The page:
The same phenomenon is in the middle of transforming the media landscape. Until a few years ago, a small elite of writers, editors, producers, and news anchors effectively decided what views were mainstream enough to be given a hearing. This may sound sinister, but it served an important purpose. It allowed the journalistic class to contain false claims and to refuse to publish racist articles. It also meant that critics who rejected polite political discourse had trouble breaking in. Building a distribution network was expensive, so they couldn’t do much beyond writing angry letters to the editor (which those newspapers could decline to print).
Today, by contrast, just about any citizen can start tweeting, running a blog, or even building a big website like Breitbart. If he amasses enough of a following, he can quickly turn into a major purveyor of fake news. Little wonder, then, that establishment barriers against blatant lying or racist rhetoric in the press have seemingly fallen by the wayside.
Seen from this angle, there is nothing paradoxical about the fact that Facebook both helped to bring ordinary Egyptians out into the street to oppose Hosni Mubarak, a brutal autocrat, and helped to elect Donald Trump, a leader with an authoritarian aspiration or two. In dictatorships, where political elites have long used their power to punish people agitating for democracy, social media has made it easier to organize pro-democratic protests. Meanwhile, in democracies, where political elites have long used their power to marginalize opponents of democratic norms, social media has made it easier to spread anti-establishment views.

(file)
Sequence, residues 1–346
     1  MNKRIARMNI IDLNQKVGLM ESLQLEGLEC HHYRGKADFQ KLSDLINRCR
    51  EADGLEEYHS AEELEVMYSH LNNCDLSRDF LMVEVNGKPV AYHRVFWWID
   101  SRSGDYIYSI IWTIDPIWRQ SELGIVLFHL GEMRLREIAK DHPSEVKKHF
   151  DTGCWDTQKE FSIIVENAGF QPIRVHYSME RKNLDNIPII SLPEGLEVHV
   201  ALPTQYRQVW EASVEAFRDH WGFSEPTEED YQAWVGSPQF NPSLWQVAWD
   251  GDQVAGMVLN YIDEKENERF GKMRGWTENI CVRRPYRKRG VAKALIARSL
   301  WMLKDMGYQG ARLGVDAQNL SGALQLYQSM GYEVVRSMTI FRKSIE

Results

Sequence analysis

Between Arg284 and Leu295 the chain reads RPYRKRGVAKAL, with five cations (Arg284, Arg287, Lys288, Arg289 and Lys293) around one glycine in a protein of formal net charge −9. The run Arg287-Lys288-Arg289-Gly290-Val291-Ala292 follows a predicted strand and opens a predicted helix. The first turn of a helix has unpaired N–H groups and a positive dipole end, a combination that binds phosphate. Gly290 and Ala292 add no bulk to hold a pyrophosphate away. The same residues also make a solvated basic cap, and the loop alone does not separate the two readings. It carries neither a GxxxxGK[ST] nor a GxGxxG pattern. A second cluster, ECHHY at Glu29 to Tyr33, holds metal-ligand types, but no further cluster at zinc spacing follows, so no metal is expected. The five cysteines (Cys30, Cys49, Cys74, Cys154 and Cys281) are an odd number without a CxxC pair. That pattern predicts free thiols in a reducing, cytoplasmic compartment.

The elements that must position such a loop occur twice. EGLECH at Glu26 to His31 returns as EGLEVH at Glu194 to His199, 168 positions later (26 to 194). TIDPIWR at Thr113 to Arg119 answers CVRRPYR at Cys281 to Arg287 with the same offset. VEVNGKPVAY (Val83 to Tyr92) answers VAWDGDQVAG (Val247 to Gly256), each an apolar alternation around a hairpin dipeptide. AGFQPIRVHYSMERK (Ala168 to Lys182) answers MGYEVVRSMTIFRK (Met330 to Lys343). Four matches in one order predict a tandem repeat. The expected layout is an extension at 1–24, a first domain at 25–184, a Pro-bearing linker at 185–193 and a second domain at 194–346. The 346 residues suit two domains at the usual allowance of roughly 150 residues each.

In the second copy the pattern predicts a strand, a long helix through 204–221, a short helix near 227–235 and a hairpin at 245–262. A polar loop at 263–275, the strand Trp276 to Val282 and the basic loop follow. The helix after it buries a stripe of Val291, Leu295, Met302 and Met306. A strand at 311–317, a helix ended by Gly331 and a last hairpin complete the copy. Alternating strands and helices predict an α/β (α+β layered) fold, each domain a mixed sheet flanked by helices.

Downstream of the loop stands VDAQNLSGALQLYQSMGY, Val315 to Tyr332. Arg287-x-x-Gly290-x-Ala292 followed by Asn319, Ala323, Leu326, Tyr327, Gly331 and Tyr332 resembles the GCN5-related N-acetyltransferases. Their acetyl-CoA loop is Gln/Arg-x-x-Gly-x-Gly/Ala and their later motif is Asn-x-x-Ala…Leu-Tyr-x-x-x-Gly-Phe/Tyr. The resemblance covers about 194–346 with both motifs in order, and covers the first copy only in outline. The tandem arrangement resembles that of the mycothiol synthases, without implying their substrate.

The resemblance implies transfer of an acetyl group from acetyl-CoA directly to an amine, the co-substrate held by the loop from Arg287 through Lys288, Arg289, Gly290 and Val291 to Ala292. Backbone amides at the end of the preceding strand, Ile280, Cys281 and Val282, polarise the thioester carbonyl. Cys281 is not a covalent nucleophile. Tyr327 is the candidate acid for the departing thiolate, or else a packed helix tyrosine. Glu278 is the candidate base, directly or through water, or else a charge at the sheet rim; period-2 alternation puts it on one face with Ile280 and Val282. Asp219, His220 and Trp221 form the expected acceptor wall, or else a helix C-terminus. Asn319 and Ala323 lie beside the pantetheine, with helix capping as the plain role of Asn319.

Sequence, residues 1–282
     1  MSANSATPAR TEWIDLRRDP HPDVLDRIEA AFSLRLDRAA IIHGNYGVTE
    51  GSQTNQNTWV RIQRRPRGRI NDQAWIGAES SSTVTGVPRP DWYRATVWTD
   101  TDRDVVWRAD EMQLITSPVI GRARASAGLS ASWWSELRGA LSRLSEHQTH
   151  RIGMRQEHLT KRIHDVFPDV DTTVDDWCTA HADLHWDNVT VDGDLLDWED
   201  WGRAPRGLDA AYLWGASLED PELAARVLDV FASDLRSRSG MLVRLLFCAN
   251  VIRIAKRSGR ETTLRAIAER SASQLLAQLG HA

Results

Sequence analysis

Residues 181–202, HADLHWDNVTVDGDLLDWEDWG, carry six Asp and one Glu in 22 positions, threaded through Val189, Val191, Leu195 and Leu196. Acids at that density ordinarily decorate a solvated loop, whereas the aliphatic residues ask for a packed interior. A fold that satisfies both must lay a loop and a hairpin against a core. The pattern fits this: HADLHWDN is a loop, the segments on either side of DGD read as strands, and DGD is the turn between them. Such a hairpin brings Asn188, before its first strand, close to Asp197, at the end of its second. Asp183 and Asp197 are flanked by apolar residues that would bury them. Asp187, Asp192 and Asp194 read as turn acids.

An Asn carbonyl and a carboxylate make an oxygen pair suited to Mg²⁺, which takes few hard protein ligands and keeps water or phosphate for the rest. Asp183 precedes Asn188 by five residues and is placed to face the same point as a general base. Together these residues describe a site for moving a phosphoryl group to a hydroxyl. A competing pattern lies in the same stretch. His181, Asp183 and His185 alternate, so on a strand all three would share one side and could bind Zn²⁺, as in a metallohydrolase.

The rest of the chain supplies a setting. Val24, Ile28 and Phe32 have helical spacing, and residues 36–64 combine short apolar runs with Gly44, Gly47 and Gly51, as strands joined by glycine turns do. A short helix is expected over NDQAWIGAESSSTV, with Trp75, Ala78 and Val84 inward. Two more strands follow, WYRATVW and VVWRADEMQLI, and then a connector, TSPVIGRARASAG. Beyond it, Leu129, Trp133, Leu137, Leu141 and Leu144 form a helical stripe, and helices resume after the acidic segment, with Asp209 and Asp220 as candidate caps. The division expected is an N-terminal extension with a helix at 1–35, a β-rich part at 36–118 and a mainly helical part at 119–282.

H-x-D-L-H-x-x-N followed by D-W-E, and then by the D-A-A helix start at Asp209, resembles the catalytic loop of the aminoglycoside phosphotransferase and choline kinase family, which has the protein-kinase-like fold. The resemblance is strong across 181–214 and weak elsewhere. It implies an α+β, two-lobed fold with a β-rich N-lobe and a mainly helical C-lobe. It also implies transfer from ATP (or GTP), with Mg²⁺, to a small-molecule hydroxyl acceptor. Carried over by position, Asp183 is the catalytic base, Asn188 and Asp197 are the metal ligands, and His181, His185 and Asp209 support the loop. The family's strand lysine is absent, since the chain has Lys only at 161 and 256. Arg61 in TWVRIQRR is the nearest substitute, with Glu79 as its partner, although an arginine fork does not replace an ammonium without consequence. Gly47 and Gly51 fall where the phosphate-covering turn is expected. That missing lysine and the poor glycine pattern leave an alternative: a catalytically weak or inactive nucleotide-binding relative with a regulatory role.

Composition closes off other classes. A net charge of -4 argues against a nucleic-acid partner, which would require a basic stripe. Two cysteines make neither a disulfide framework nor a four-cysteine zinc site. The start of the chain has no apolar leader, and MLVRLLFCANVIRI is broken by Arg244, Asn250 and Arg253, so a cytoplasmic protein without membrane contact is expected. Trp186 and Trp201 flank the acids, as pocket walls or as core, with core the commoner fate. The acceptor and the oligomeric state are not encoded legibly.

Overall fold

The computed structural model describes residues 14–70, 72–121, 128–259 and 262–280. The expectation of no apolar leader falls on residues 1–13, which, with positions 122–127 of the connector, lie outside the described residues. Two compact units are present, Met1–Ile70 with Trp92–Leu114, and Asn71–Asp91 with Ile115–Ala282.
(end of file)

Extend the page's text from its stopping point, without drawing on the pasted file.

Historians liken the rise of social media to the invention of the printing press. That may sound grandiose, but to my mind, the comparison actually underplays the depth and the rapidity of the transformation. A dozen years after the invention of the printing press, the technology had not yet spread beyond the German city of Mainz, and a negligible fraction of the world population had held a printed book in their hands. A dozen years into the invention of Facebook, the technology is available around the globe, and nearly 2 billion people are actively using it.
So it is all the more important to remember that the printing press spread ethnic conflict as well as erudition, and did as much to deepen the theological division in Europe as it did to breed tolerance among different faiths. Nothing says that we must repeat the same catastrophe. But if we are to respond to the effects of social media on our political system, we must start by understanding its nature: Neither wholly good nor wholly bad, social media favors the outsider over the insider, and the forces of instability over the defenders of the status quo.